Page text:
Seven Ways to Keep Good Customers
Many companies around the world are recognized by consumers for worldwide excellent service. Companies such as McDonald’s, Singapore Airlines, Federal Express, L.L. Bean, and Citibank are successful because they know exactly what their customers expect and then they satisfy these customer expectations (most of the time).
At McDonald’s, every employee ─ in every country around the world ─ knows the company stands for quality, service, cleanliness, and value. Every McDonald’s employee also knows exactly what each of these elements means in terms of HOW to do business with McDonald’s customers.
At Citibank, the service quality goal is to set and consistently meet service performance standards that satisfy the customer and profit the bank. In other words, at Citibank the customer is the final judge of service and the bank invests an inordinate amount of money each year in tracking its customer satisfaction levels.
While all customers are unique, and use different values to make purchasing decisions, there are seven common customer expectations for customer service that have basically become the MINIMUM LEVEL that today’s customers DEMAND be met by all the organizations from which they buy. Because these are the minimum requirements, they are also the ones that must be met if you are to achieve any significant level of customer retention.
The 7 Cs of Customer Retention are:
Caring Attitude ─ employees that are caring, friendly, helpful, care/show empathy, value me as a customer, apologizes for company errors.
Customized Practices ─ flexibility in applying most, if not all, company policies, simple documentation, forms that are easy to understand and use, suspension of disputed charges, willingness to extend additional services, ability of the organization at all key contact points to know and understand the customer’s relationship with us.
Competent CCPs ─ having customer contact personnel who communicate well and accurately, take action, meet commitments, keep customers constantly informed of a situation’s status, and who are fully aware of all the organization’s products, services, procedures, and policies.
Call/Visit Once ─ the customer’s initial contact person in your organization handles the problem, or gets it resolved. The CCP or contact person makes necessary decisions and the customer only needs to explain the problem once (even if moved to another service provider). All contacts know the customer’s account status, as well as the nature of the problem under resolution.
Convenient Access ─ your operating hours of stores, branches, outlets, offices, and call centers are structured with the needs of customers in mind. Your access numbers are easy to get through, are answered promptly, and the length of time on hold and the number of transfers internally before the problem is resolved are kept to a minimum. Your website is easy to understand, navigate, use and the ordering process is simple and caters for international orders (if you are willing to ship goods and products outside your home country).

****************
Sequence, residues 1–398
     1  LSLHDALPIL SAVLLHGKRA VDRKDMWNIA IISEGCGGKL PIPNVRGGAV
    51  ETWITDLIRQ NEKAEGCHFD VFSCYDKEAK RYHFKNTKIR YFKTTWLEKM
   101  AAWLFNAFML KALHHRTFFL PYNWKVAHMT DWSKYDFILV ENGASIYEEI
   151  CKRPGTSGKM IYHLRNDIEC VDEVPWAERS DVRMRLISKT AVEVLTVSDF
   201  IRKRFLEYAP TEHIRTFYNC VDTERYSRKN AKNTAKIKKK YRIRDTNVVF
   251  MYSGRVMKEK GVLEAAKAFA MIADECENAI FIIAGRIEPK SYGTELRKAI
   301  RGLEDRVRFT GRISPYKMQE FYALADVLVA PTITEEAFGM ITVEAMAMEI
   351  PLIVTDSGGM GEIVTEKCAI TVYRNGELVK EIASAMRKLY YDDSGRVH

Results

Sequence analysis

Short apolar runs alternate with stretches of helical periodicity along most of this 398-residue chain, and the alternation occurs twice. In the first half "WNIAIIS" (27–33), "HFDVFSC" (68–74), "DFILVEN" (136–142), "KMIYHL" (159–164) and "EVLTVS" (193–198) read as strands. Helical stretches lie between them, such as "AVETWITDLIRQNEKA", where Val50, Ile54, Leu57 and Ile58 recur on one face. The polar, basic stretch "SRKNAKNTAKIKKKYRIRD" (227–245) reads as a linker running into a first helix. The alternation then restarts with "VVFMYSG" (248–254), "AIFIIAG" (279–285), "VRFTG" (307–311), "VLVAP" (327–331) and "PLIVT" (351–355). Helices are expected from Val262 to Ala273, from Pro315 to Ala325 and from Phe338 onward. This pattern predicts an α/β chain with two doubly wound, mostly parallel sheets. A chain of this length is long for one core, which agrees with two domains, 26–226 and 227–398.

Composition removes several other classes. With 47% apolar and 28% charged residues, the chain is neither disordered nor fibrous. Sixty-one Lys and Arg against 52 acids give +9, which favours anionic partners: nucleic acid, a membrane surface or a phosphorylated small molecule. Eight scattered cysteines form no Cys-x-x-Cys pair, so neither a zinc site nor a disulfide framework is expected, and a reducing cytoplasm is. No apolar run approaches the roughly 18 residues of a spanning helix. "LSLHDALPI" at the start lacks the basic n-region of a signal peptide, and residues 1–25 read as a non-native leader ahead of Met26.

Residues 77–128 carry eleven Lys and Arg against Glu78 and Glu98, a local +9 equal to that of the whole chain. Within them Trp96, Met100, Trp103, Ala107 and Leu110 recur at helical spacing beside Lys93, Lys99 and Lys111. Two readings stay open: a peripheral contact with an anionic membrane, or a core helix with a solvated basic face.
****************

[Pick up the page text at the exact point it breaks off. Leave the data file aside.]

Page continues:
Compressed Cycle Times ─ customers receive an immediate response to enquiries, products and services meet customers’ timing, adjustments or changes (such as address changes) are made before the next billing or statement cycle, and your organization provides consistently quick turnaround (especially for problem solving).
Committed Follow Through ─ the CCP and/or customer’s contact person commits to what/when/how, follows-up to confirm action, checks on satisfaction level, and your organization takes corrective action to prevent reoccurrence of an error or problem.
These 7 Cs are the minimum requirements your customers have. And if you do not deliver well against these criteria, then you cannot expect to have high levels of customer satisfaction, customer loyalty, or customer retention.
Last week we gave you a checklist of items that you can use in monitoring your business unit’s service delivery on these seven customer expectations. As several other successful, customer-focused organizations have done, please put this checklist to good use and you will be well on your way to achieving high levels of customer retention, or what I like to call the art of keeping good customers.™
KEY POINT: there are seven common customer expectations for customer service that have basically become the MINIMUM LEVEL that today’s customers DEMAND be met by the organizations from which they buy from.
TAKING ACTION: do all your customer contact personnel have caring, friendly attitudes? Do they exhibit empathy towards customers at all times? How could this be improved?
How flexible are your company policies? Could they be made more flexible? Would greater flexibility be appreciated by your customers?
How simple and easy-to-use is your documentation? How can this be made more simple or easier to use?
When was the last time you asked your customers these same questions?
This article is excerpted from the book The Best of the Monday Morning Marketing Memo, which is available at Amazon in paperback and Kindle formats.